Which includes, Sting volunteers, a firm resolve on his own part not to leave his son any of his accumulated wealth. "I don't intend to leave him any money," he declares. "I don't intend to give him a nest egg or a head start. He has no right to expect any privileges. If, for example, at the age of 12 I had been given a million dollars, it would have harmed me greatly. I've seen people who, assured at an early age of receiving great sums of money, then turned into vegetables. I think my son is capable of a lot, but it's not for me to sweeten the pot or lighten the load for him. I'm his father and that's it.
"There needs to be danger for the young. I am, for all intents and purposes, fairly safe in the material world, but if I need to create new dangers for myself in order to remain creative I will - absolutely, I feel that responsibility toward myself.
"And I will not," he vows, his voice rising, "create a cocoon for another human being."
On one of our last afternoons together shortly before he is to finish up the last few dates on the Police's 1982 American tour Sting proudly hands me a typewritten draft of a film script he had finished writing the previous evening. He says he wrote most of it on a battered portable typewriter, on planes and in hotel rooms.
The script, called 'Gormenghast', is adapted from two books of the famous 'Gormenghast' fantasy trilogy by the late British novelist-poet-illustrator Mervyn Peake. 'Titus Groan', the first book, from which most of Sting's script is drawn (he's already bought the screen rights to the series) appeared in 1946, coming at a time when Britons were suffering through the last cruel days of the war and the start of the peace. They had their noses buried in novels like 'Brideshead Revisited', 'The Loved One', 'Animal Farm', '1984' - and 'Titus Groan'. Combining elements of Gothic romance and horror, and the inventive mythic genealogy and Anglo-Saxon scholarship of 'Lord Of The Rings', the 'Titus Groan' instalment of the 'Gormenghast' trilogy was immediately hailed as a modern classic.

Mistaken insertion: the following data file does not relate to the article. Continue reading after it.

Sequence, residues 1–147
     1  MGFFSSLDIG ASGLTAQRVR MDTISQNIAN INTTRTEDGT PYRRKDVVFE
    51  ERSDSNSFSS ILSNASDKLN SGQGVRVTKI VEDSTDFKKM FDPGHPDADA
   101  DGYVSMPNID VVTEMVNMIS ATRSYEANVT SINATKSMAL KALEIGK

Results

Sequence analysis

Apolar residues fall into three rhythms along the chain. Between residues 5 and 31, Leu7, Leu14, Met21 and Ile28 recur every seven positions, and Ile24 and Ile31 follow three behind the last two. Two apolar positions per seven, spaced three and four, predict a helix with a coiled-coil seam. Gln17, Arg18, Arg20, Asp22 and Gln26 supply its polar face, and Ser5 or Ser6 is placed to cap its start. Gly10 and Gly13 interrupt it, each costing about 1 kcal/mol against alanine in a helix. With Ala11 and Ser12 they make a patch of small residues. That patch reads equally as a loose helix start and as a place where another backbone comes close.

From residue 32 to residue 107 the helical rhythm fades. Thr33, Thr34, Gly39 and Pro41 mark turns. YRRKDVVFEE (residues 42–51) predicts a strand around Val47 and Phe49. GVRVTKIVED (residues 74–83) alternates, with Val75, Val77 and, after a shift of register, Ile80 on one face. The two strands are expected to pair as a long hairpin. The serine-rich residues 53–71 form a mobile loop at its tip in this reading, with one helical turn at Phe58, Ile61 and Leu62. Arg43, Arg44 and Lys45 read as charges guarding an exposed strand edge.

"It's a real arcane allegory for the change that happened in England after the war," Sting bubbles excitedly, "when the old Empire had decayed, and the working class had a new consciousness and began to rise, destroying the old order. Gormenghast is an ancient castle, as vast as New York. It exists in many eras simultaneously, outside of normal history and normal human progress. The script is about a particular force in the castle - an evil one - that alters things for the better. The evil is embodied in a person who comes from the lower caste within the castle - the kitchen - who by his innate wit and cunning ends up in a position of enormous power. Which he, of course, abuses.
Who plays the evil force?
"Me, naturally!" he says, beaming. "The catalyst! The upstart from the lower depths! In many ways, the story is like a fairy tale." There's a parallel with Star Wars in that it seeks to create an autonomous world. In fighting against his evil foe, Titus Groan realises he can escape 'Gormenghast' for good, and he eventually does.
"All that actors do when they aren't working is sit and wait for the phone to ring with the perfect job. You might as well wait to win the f***ing lottery! I think you have to decide what the perfect job for you is and then go and create it. Whether or not you succeed is beside the point."
So what happens next for Sting?
"I go home to London to try to sell the script to people with $20 million to waste," he explains as he begins loading his canvas carryall bag with gear for the night's concert. "Between now and Christmas, I'm just going to peddle Gormenghast, weight a host of other film offers, think about a solo record, and maybe spend some more lime with scientists funded by the Koestler-sponsored KIB Foundation who are experimenting with para-psychology and phenomena like levitation."
What about the Police? When will he find time to write material for the next album?
"I've stopped writing songs right now. I'm going through a period of intake. I used to call it writer's block; now I just regard it as a tight shit.
"We're free to make our own timetable for the next LP. We're not ruled by medieval puppet masters, and we don't have to make another album until late 1984."
But will there still be a Police in late 1984?
"I suppose, but in terms of the competition there's nothing that comes close to the band. It's all so easy, I'm bored with it, not interested anymore. The game is won. My ambitions are wide, which is why I'm interested in film - another game, with still more chaos. "You know," he says, stuffing the last of his things inside the bag, "ageing is not so bad. It's illness, staticness, imprisonment, and decay that scare me. I think I'm coming to terms with death more and more. I feel like the man on the highest tightrope in the circus tent." He pauses, sealing his satchel with a violent zzzzip! The vulpine eyes gleam.
"You see, the spectators want to see me fall..." Out comes the wild, eerie cackle. "Or fly!"
© Penthouse magazine